Emily Behrmann, general manager for the Carlsen Center at Johnson County Community College, knows a good idea when she sees it.
New Dance Partners: The Ultimate Collaboration returns for its fourth appearance as part of the Carlsen Center Presents (formerly known as the JCCC Performing Arts Series), in September. Behrmannn explains it is a concept borrowed from Dance St. Louis: bring in nationally known choreographers to work with Kansas City dance companies.
“Emily saw the power of the New Dance Horizons project we started in St. Louis and asked that I assist her in making something similar take flight in Kansas City,” says Michael Uthoff, former executive and artistic director of Dance St. Louis and artistic advisor for New Dance Partners. “I think Emily and the JCCC, like Dance St. Louis before them, are pioneers in creating a process that benefits everyone. It encourages creation and experimentation. It provides a large vision of what dance has to offer and allows audiences to see the myriad of possibilities within the field, allowing them to make educated choices as to what they will want to see in the future.”
For this year’s project, four partnerships were created. The Kansas City Ballet will work with Matthew Neenan, co-founder and choreographer of BalletX. The Owen/Cox Dance Group will work with Kameron Saunders from the UMKC Conservatory of Music and Dance and COCA-St. Louis. Wylliams/Henry Contemporary Dance Company will work with Jennifer Archibald, founder and artistic director of ARCH Dance Company. The Störling Dance Company will work with Heather Gray, associate director of the Utah Regional Ballet II.
Presenting organizations like the Carlsen Center Presents formerly used their seasons to introduce a variety of national and international artists. But many presenting organizations are now expanding their mission by also turning their sights inward to their own community, supporting new works and productions by local artists.
“As a presenter, I think it’s important to support our local arts organizations because it strengthens the arts in Kansas City, generally, and builds relationships that grow over time and result in more partnerships,” Behrman says. “The college has resources available that many small to mid-size arts organizations don’t, so the project is also about sharing these resources for the benefit of the arts in our community.”
Jeff Bentley, executive director of the Kansas City Ballet, says the benefits of the trend are shared between the regional or national artists and the local companies.
“Not only does the program provide the cost of choreography fees and travel/per diem and housing,” Bentley says. “But by selecting local professional companies to be the recipients it adds valuable new works to repertories for a fraction of the cost.”
“It’s an incredible gift to have JCCC commission a new work for our company and provide the technical support for the performance,” says Jennifer Owen, artistic director of Owens/Cox Dance Group. “They put a lot of resources into the project that make this collaboration possible.”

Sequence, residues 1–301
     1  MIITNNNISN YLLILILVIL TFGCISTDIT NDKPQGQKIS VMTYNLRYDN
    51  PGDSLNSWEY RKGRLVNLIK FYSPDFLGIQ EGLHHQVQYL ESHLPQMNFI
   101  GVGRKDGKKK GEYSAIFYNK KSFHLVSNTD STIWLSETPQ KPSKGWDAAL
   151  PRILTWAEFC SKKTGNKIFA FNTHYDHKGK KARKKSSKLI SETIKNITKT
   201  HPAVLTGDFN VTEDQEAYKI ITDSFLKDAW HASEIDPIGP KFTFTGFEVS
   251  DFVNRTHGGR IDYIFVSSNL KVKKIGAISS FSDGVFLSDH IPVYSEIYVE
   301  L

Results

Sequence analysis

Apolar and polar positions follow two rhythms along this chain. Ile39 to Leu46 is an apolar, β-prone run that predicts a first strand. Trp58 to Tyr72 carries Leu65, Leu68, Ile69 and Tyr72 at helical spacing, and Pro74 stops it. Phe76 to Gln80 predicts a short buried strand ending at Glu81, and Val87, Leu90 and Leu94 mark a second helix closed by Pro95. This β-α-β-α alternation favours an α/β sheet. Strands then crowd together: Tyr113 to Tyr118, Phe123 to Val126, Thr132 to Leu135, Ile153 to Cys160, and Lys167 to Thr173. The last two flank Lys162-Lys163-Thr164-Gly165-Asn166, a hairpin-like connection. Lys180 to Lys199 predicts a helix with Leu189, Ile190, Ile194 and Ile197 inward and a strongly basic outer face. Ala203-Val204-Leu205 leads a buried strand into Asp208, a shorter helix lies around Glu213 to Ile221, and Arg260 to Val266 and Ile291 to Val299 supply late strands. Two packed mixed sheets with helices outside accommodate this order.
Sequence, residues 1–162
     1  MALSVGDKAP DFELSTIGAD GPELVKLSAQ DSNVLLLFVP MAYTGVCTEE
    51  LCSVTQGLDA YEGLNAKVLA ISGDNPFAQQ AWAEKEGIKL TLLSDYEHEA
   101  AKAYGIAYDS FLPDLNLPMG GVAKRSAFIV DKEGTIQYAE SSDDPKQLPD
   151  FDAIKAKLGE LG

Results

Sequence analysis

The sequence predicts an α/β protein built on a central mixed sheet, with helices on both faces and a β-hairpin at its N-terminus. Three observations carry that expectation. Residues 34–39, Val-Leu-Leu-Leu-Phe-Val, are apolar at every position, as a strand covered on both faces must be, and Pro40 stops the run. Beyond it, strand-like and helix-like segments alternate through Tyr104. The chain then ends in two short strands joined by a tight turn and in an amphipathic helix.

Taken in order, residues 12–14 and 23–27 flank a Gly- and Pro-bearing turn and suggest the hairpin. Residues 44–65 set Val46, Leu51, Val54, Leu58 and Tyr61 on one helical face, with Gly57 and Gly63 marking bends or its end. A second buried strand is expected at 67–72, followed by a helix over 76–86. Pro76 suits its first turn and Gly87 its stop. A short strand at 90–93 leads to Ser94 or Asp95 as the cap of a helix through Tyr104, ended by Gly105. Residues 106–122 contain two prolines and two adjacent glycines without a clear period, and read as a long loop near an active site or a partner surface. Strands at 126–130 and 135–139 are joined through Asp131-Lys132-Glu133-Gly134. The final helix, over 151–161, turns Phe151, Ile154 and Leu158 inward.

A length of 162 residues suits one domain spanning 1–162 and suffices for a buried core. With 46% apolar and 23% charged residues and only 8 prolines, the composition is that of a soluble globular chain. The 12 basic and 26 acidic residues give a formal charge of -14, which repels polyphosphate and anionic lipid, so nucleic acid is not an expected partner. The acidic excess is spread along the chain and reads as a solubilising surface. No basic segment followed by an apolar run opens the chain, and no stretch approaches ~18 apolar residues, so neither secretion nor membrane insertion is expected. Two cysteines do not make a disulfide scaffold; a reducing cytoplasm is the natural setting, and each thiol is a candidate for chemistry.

“What most dance companies need the most help with is the creation of new works,” Uthoff says. “New Dance Partners uses its budget to benefit local companies directly and most of the investment stays within the local community.”
New Dance Partners is not only a financial and artistic investment in the art of dance, but also a collaborative investment in the local dance community. Kansas City has a vibrant and active dance community but it is rare that they can find time in their seasons, and funds in their budget, to work together.
“New Dance Partners is a bridge for artists of different genres to come together and form friendships and respect for each other,” says Mary Pat Henry, artistic/executive director of Wylliams/Henry Contemporary Dance Company. “Emily Behrman has opened the door for us to work together in a supportive and warm environment, which is unique because usually we are all so focused on our own works and our own visions.”
“I hope New Dance Partners inspires people by showing how an arts community can come together to create a project like this,” Behrmann says. “It helps strengthen dance in Kansas City. It helps strengthen the dance audience in Kansas City. And it makes Kansas City more of a destination for dance.”
The Carlsen Center Presents will feature “New Dance Partners: The Ultimate Collaboration” at 8 p.m. Sept. 22 and 23 in the college’s Yardley Hall. The Friday night performance will include a pre-show talk at 7 p.m. with featured choreographers Matthew Neenan, Kameron Saunders, Jennifer Archibald and Heather Gray. For more information and tickets, visit www.jccc.edu/CarlsenCenter
Above: The Kansas City Ballet will return as part of the Carlsen Center Presents “New Dance Partners” performance this year. Above, Angelina Sansone and Geoffrey Kropp of the Kansas City Ballet perform choreographer Amy Seiwert’s “Concertino” as part of the 2014 NDP program. (photo by Mike Strong)